October 8, 2009

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The Invention of Lying (PG-13)
Ricky Gervais lives in a world without any artifice, where everybody tells the truth all the time, and then realizes the benefits of being the one guy to go the other way in The Invention of Lying, a surprising comedy that is funny in a bunch of little ways.

Gervais is excellent at the hangdog look and the under-the-breath line, and here that makes for a constant volley of not so much big stomach-cramping guffaws, but little chuckle-worthy moments that make the movie deeply enjoyable despite its low-volume approach.

Mark Bellison (Gervais) lives in an alternate reality that is very similar to our universe with one notable difference: nobody lies. No lies of any kind means commercials that are matter-of-fact (we’d like you to keep drinking Coke, a spokesperson says in a TV ad before taking a sip and commenting that it’s too sweet), greetings of “how are you doing” answered with discussion of depression or embarrassing ailments, and “movies” that are just narrators reading a screenplay (because acting is pretending, which is a form of artifice). It’s not that these people are told not to lie, it’s that saying anything but what is isn’t possible — they don’t have words for it. So when Mark arrives for his blind date with Anna (Jennifer Garner) and she tells him almost instantly that she doesn’t have high hopes for the date and isn’t interested in having sex with him, Mark finds it dispiriting but not particularly surprising. And when he’s fired from his job writing screenplays about the 1300s, he dully accepts the “I never liked you”s and “you’re a loser”s from his soon-to-be-former co-workers (Tina Fey, Rob Lowe). He’s on the verge of being kicked out of his apartment because of his unemployment and so he heads to the bank to take out the little he has left — about $300 — to spend on a moving truck. How much will that be, the bank teller asks him. Mark thinks for a moment and says $800 (the amount of his rent). When the teller looks at his account, she sees that it says he only has $300 — but it must be a mistake. If Mark says he has $800 he must have $800 because there is no other conclusion for the teller to reach.

Mark realizes the brilliance and the possibility of what he’s done and soon he’s telling people something different from what is (the only way he can explain what he’s doing) all over the place. He tells a suicidal neighbor (Jonah Hill) that things are going to be OK; he gets his job back by saying he has the best script ever (about that alien invasion in the 1300s — oh, you’ve never heard of it because aliens wiped the memories from all human brains at the end). But none of these statements about “things that aren’t” compare to what he tells his mother (Fionnula Flanagan). As she lies dying in a hospital, terrified of what will happen after she ceases to live, terrified of the idea of fading to nothingness, Mark tells her not to worry. She isn’t going into nothing. She’s going to the best place she can think of and will get a mansion. All her friends and loved ones will be there and she’ll be young again and eternally happy.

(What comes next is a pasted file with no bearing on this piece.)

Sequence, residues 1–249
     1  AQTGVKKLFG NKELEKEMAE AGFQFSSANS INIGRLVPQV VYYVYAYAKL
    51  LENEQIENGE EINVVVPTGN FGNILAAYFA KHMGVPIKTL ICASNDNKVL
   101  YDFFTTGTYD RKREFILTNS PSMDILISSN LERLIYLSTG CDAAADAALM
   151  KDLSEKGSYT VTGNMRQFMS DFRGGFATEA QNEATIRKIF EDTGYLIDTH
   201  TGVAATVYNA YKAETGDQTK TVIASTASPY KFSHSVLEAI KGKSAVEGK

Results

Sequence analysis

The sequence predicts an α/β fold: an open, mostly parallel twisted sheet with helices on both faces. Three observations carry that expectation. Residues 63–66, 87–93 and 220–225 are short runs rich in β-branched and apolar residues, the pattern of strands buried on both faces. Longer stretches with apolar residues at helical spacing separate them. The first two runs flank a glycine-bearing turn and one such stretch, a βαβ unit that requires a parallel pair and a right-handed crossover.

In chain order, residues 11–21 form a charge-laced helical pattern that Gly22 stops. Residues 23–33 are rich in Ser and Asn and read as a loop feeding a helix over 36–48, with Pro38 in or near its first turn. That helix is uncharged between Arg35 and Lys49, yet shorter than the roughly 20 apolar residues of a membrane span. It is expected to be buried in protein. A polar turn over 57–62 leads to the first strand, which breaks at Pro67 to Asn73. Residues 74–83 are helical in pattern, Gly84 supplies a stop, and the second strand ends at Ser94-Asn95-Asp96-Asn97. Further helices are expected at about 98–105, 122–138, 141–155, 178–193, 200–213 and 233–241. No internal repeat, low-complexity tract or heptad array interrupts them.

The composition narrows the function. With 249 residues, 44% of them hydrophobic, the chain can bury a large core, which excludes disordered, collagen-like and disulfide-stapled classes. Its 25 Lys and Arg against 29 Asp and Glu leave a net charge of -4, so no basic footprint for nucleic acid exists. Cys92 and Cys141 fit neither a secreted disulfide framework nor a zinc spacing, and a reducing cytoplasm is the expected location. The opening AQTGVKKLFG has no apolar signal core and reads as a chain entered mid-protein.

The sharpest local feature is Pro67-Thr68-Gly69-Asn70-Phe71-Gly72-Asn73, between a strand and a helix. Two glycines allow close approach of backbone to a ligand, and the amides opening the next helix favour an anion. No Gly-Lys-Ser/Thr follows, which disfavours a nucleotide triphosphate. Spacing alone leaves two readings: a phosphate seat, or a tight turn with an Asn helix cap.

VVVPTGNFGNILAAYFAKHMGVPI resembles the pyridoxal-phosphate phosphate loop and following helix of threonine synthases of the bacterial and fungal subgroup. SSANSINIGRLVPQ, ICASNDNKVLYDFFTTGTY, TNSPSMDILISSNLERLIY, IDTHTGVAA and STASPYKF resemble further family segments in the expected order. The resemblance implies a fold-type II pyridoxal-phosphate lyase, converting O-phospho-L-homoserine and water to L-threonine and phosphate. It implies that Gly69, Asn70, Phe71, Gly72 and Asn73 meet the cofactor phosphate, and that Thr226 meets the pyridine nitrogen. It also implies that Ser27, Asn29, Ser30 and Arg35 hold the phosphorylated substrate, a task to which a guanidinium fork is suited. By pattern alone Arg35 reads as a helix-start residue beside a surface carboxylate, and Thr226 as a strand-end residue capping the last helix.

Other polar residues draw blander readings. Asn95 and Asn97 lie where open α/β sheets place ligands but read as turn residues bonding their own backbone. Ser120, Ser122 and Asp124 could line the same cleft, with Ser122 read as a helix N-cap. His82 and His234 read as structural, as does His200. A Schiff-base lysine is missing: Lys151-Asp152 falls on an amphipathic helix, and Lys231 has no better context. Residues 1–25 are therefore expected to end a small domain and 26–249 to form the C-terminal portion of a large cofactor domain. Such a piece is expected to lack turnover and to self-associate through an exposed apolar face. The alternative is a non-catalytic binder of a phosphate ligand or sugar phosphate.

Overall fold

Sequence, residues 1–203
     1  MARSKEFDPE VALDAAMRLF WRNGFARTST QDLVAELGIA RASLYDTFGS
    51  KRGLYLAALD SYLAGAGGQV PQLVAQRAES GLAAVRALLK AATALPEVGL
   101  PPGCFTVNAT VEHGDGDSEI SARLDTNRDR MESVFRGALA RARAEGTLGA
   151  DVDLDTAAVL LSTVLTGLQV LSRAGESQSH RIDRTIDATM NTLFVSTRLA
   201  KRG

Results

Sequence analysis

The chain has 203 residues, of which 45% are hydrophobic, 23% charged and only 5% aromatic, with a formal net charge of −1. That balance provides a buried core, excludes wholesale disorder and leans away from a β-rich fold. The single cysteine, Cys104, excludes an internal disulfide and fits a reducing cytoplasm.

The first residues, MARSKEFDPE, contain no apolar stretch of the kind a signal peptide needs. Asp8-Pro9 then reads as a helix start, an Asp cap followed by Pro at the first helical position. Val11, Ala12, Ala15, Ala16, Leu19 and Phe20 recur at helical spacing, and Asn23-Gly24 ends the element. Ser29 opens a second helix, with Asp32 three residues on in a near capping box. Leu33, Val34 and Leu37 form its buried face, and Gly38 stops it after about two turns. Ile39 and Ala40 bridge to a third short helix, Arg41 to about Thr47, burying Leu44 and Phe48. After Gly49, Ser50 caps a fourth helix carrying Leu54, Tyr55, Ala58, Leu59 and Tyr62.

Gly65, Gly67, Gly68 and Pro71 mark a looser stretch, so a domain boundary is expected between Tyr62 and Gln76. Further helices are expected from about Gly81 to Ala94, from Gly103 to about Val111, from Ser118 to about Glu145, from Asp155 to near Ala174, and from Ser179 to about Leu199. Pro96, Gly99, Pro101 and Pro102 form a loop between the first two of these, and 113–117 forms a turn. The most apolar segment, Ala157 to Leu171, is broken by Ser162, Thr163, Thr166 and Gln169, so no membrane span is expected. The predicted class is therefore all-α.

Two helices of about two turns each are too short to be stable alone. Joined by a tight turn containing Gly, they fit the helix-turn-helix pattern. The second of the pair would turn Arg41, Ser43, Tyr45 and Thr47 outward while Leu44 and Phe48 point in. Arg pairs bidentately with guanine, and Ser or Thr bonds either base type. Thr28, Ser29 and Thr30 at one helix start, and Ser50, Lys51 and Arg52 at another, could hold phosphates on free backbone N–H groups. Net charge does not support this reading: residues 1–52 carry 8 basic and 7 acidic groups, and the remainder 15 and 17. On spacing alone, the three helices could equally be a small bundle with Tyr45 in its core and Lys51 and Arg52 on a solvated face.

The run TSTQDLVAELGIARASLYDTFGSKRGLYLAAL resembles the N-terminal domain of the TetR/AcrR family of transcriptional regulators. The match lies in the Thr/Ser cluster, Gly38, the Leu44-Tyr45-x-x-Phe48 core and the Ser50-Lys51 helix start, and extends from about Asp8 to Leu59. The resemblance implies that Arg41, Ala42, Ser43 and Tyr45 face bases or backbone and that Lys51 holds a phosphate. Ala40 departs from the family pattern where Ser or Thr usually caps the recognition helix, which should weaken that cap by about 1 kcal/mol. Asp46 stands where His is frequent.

His mother isn’t the only one who hears the news about what happens after death. Soon, Mark is mobbed by people who have questions. How do you placate all these people with their questions about this eternal-happiness mansion-filled existence? Mark settles on crafting a story about the Man Who Lives in the Sky.

In big and little ways, The Invention of Lying doesn’t just get funnier as it goes along, it gets sharper. Without getting too preachy, it gets to the good and bad things that can come from the stories we tell ourselves that might not be what is. A bit of delusion is a good thing; hope, after all, can be a form of delusion. It all depends on how we use it. Gervais is the perfect person to dance through this kind of minefield. He is a remarkably skilled comedian, always able to go farther than you think he can. But he can also portray genuine emotion without it seeming fake or syrupy. He puts effort into the little things — little questions of prop or little moments — and it keeps the movie from falling apart the way stories with this kind of set-up so often can.

And Gervais is not alone. He has a solid supporting cast of people who add to even the briefest of scenes (the aforementioned Fey, Lowe and Hill but also Louis C.K., Jason Bateman, John Hodgman, Jeffrey Tambor and Ed Norton). And here’s a sentence I never thought I’d write — Jennifer Garner was perfectly cast. She plays a bit of a dippy pretty girl who grows to like Mark but feels he may be a loser. It’s a weird riff on her 13 Going on 30 character with some maturity and self-awareness thrown in. Somebody up there with the Man Who Lives in the Sky must like her. B+

Rated PG-13 for language including some sexual material and a drug reference. Written and directed by Ricky Gervais and Matthew Robinson, The Invention of Lying is an hour and 39 minutes long and is distributed in wide release by Warner Bros.